PARIS — Before FunPlus Phoenix set foot in France, jungler Gao “Tian” Tian-Liang said that he wanted to hear a few FunPlus cheers in the crowd at the League of Legends World Championship, even though their European opponent, G2 Esports, would get most of the fanfare.
The French fans stuck by their team. They erupted when G2 Esports founder Carlos “ocelote” Rodriguez Santiago took the stage before the opening ceremony. “Let’s go G2!” cheers rang out between bursts of the French national anthem.
But after three fairly quick games, Tian stood on that same stage where ocelote had been interviewed hours before and nodded, smiling as tears welled up in his eyes. The crowd chanted, “F-P-X, F-P-X!”
FunPlus had swept G2, prevented the first-ever League of Legends grand slam and won a world title in their first appearance at the international tournament.
A phoenix, for those who don’t know their ancient Greek legends or who haven’t read or watched any Harry Potter, is a mythological bird that dies and is reborn. The most common phoenix motif features a bird bursting into flames before turning into a pile of ashes and returning to life. The members of FunPlus acted this out in China’s League of Legends Pro League and again on the worlds stage this past month, from Berlin to Madrid to their Summoner’s Cup victory Sunday.
After a disappointing spring playoff series where they lost to JD Gaming, FunPlus rebounded to win the summer LPL title. After a disappointing worlds group stage performance, FunPlus won both of their quarterfinals and semifinals matches 3-1 and swept G2 Esports in the finals. They did all of this while stubbornly sticking to a specific playstyle that seemed to leave so many opportunities open for opponents to exploit. They rarely did.
The easiest comparison to a phoenix on FunPlus is their charismatic midlaner, Kim “Doinb” Tae-sang. Doinb has had major setbacks throughout his entire career, including an internal feud with Qiao Gu jungler Baek “Swift” Da-hoon that split the team apart in 2016. The midlaner has said repeatedly that he doubted himself year after year, and went as far as to announce his retirement this past offseason before FunPlus convinced him to join their team.
If he could go back and tell his younger self anything around the time of his seemingly imminent retirement, it would be to have hope.
“I think it’s a really similar scenario right now,” Doinb said via a translator, “because this might be my last game. If I had a chance to go back and tell the old Doinb at the start of the year, I would tell him to not give up, there’s always hope.”
It was a bittersweet sentiment before the confetti had been swept from the AccorHotels Arena stage — that the star player of a team that just won the world championship would retire in the following offseason. He later hinted at a life beyond League of Legends, another rarely-expressed idea upon winning a world championship.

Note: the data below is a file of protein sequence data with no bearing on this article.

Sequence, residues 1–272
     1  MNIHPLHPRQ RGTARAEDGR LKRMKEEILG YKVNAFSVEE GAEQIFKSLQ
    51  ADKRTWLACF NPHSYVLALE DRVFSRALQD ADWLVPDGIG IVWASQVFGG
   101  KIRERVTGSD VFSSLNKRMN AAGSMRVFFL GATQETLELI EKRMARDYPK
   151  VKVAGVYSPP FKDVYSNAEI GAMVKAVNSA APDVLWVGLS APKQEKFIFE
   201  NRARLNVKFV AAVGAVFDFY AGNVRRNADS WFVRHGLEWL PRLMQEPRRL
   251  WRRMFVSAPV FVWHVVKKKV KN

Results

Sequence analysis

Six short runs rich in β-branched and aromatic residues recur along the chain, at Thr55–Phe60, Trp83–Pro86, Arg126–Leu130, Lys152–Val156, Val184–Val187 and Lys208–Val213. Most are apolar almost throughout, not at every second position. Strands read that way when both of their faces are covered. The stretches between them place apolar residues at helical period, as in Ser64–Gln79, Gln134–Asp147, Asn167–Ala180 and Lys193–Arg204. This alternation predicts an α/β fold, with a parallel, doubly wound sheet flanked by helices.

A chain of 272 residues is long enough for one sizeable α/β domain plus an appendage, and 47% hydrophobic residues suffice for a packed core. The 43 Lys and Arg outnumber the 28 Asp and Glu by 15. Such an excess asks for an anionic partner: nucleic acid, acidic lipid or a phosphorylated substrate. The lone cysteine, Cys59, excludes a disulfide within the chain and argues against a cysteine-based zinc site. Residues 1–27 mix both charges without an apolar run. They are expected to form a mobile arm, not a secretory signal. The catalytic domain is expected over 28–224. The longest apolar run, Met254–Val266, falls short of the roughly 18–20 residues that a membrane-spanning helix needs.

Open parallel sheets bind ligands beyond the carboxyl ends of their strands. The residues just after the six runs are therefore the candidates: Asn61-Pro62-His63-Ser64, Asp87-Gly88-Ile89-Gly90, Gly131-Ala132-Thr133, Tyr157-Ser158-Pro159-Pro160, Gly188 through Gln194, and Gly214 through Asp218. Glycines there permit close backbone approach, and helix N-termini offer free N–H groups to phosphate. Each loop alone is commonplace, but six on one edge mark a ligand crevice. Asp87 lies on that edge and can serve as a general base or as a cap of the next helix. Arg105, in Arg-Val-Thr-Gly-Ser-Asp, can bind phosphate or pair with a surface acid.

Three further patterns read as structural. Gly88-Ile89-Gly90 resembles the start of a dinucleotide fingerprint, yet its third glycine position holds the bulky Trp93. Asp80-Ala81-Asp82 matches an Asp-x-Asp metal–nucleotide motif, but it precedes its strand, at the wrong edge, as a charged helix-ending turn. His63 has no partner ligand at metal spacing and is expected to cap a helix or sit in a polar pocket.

“I’m really sorry to my wife,” Doinb added. “I didn’t have any time to spend with her this year. Following this, I’ll use more time to be with her.”
But lost in the admittedly compelling story of Doinb, there are the other phoenixes of FunPlus who deserve just as much recognition.
Top laner Kim “GimGoon” Han-saem was seen as a prodigious prospect in South Korea from his time on Xenics Storm in OGN Champions Winter 2013-14. From there, he bounced around as a substitute before going to the LPL. FunPlus are the first team on which he’s had true success.
Tian was inspired to become a professional jungler when he watched Ming “Clearlove” Kai and EDward Gaming win the 2015 Mid-Season Invitational. By the time he was 18, Tian was already regarded as a washed-up jungler due to the fact that Yang “H4cker” Zhi-Hao started over him on Suning Gaming. FunPlus were predicted to be a test of his true skill, whether he was an LPL caliber jungler or not. His jungling became the backbone of this FunPlus team and now he is the worlds finals MVP.
This is also bot laner Lin “Lwx” Wei-Xiang’s first successful team. Lwx drew notoriety for an ill-timed Kai’Sa ultimate during the group stage that ultimately led to his in-game death; in the aftermath, people wondered if FunPlus were even a contender. In the worlds final, he had a perfect KDA of 21/0/14 across all three games.
Like Tian, support player Liu “Crisp” Qing-Song has become the backbone of FunPlus and a crucial part of their three-man roaming strategy with Tian and Doinb. He has been Lwx’s laning partner for years, but FunPlus were the first team to take advantage of Crisp’s roaming prowess and translate it into a definitive strategy.
There’s a lot to unpack from this finals, including where G2 Esports went wrong in a final that they were overwhelmingly favored to win, whether China’s LPL is now definitively the strongest region in the world and what the worlds tournament has become as a whole over the past two years. That will come later. Now is the time to celebrate FunPlus Phoenix: a team that was peerless and fearless in sticking to their own playstyle, and won a world championship doing so.